Component Diagram :
A component diagram provides a physical view of the system. Its purpose is to show the dependencies that the software has on the other software components (e.g., software libraries) in the system. The diagram can be
shown at a very high level, with just the large-grain components, or it can be shown at the component package level.2
Modeling a component diagram is best described through an example. Below Diagram shows four components: Reporting Tool, Billboard Service, Servlet 2.2 API, and JDBC API. The arrowed lines from the Reporting Tool component to the Billboard Service, Servlet 2.2 API, and JDBC API components mean that the Reporting Tool is dependent on those three components.
The deployment diagram shows how a system will be physically deployed in the hardware environment. Its purpose is to show where the different components of the system will physically run and how they will communicate with each other. Since the diagram models the physical runtime, a system’s production staff will make considerable use of this
The notation in a deployment diagram includes the notation elements used in a component diagram, with a couple of additions, including the concept of a node. A node represents either a physical machine or a virtual machine node (e.g., a mainframe node). To model a node, simply draw a three-dimensional cube with the name of the node at the top of the cube. Use the naming convention used in sequence diagrams: [instance name] : [instance type] (e.g., “w3reporting.myco.com : Application Server”).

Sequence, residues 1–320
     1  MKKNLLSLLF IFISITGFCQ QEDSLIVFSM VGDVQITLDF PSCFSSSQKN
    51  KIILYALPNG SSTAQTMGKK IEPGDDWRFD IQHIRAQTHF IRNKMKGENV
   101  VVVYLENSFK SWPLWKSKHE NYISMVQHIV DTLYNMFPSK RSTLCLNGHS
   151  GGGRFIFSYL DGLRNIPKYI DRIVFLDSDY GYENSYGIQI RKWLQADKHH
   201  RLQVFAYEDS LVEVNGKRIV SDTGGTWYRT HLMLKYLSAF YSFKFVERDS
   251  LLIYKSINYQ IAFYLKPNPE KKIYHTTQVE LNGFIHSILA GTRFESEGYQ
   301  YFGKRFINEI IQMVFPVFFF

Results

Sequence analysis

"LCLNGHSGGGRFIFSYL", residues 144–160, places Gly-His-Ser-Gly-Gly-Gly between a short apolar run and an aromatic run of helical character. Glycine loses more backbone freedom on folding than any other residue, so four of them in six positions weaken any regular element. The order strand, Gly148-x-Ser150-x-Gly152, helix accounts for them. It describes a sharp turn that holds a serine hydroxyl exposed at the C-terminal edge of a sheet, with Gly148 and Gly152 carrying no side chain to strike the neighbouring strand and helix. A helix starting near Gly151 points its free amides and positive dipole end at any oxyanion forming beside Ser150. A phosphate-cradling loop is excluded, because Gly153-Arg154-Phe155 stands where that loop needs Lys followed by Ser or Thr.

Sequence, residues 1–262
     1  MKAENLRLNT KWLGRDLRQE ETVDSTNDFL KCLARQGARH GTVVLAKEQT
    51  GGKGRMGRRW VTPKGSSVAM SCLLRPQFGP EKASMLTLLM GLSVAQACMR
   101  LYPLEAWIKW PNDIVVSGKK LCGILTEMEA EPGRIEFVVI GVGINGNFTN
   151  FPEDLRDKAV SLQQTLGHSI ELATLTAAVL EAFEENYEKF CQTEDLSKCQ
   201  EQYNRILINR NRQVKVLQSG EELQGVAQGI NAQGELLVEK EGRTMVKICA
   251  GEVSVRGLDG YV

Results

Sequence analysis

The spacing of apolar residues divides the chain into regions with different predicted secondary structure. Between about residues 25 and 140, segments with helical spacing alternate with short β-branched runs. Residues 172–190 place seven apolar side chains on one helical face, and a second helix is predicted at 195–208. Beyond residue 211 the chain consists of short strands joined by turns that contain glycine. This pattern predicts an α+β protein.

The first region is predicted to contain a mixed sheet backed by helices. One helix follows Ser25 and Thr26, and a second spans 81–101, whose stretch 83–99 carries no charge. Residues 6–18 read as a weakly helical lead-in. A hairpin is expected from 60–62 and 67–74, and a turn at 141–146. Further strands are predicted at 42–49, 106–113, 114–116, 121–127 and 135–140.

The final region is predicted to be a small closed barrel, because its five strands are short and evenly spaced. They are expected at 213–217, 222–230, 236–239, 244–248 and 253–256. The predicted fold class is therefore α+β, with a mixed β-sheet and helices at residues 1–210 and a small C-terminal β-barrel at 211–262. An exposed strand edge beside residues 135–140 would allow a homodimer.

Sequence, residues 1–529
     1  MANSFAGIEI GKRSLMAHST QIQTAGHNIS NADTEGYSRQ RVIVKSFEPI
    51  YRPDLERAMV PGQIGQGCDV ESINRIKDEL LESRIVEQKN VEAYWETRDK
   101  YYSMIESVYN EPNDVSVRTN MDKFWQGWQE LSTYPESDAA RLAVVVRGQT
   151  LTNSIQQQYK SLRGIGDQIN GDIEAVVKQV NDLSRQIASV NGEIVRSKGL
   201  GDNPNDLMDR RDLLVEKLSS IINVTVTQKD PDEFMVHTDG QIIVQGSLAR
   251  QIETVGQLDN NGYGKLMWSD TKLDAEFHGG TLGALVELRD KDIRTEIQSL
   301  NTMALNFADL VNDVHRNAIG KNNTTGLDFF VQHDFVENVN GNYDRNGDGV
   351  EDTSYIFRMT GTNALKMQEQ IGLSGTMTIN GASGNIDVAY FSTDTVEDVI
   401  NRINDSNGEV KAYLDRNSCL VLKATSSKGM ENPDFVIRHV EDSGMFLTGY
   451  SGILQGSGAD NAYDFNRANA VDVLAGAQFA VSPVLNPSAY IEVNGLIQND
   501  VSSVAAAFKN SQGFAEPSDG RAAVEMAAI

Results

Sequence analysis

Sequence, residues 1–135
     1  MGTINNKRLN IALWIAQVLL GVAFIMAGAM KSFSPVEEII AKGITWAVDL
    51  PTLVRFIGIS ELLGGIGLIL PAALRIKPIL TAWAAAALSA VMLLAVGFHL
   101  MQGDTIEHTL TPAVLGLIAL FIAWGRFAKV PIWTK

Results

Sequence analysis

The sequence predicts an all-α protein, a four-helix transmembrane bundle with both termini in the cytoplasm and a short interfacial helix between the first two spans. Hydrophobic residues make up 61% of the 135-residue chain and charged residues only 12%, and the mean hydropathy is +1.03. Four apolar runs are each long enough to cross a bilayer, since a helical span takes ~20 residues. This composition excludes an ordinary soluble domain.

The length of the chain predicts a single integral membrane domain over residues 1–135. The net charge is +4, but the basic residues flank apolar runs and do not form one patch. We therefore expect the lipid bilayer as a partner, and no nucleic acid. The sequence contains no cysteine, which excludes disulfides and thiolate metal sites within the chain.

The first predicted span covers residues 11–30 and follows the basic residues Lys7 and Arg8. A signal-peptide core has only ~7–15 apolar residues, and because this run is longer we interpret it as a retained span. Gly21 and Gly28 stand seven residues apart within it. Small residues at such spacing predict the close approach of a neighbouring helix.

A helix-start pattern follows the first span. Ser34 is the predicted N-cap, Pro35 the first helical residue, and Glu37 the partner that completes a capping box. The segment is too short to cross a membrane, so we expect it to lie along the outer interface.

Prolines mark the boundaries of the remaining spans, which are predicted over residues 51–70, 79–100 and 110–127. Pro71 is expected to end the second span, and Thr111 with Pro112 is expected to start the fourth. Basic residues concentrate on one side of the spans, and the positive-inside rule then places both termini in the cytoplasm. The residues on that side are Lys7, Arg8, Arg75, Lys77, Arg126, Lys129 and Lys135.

The deployment diagram above shows that the users access the Reporting Tool by using a browser running on their local machine and connecting via HTTP over their company’s intranet to the Reporting Tool. This tool physically runs on the Application Server named w3reporting.myco.com. The diagram shows the Reporting Tool component
drawn inside of IBM WebSphere, which in turn is drawn inside of the node w3.reporting.myco.com. The Reporting Tool connects to its reporting database using the Java language to IBM DB2’s JDBC interface, which then communicates to the actual DB2 database running on the server named db1.myco.com using native DB2 communication. In addition to talking to the reporting database, the Report Tool component communicates via
SOAP over HTTPS to the Billboard Service.
UML Objects oriented Concepts:
UML can be described as the successor of object oriented analysis and design.
An object contains both data and methods that control the data. The data represents the state of the object. A class describes an object and they also form hierarchy to model real world system. The hierarchy is represented as inheritance and the classes can also be associated in different manners as per the requirement.
The objects are the real world entities that exist around us and the basic concepts like abstraction, encapsulation, inheritance, polymorphism all can be represented using UML.
So UML is powerful enough to represent all the concepts exists in object oriented analysis and design. UML diagrams are representation of object oriented concepts only. So before learning UML, it becomes important to understand OO concepts in details.
Following are some fundamental concepts of object oriented world:
- Objects: Objects represent an entity and the basic building block.
- Class: Class is the blue print of an object.
- Abstraction: Abstraction represents the behavior of an real world entity.
- Encapsulation: Encapsulation is the mechanism of binding the data together and hiding them from outside world.
- Inheritance: Inheritance is the mechanism of making new classes from existing one.
- Polymorphism: It defines the mechanism to exists in different forms.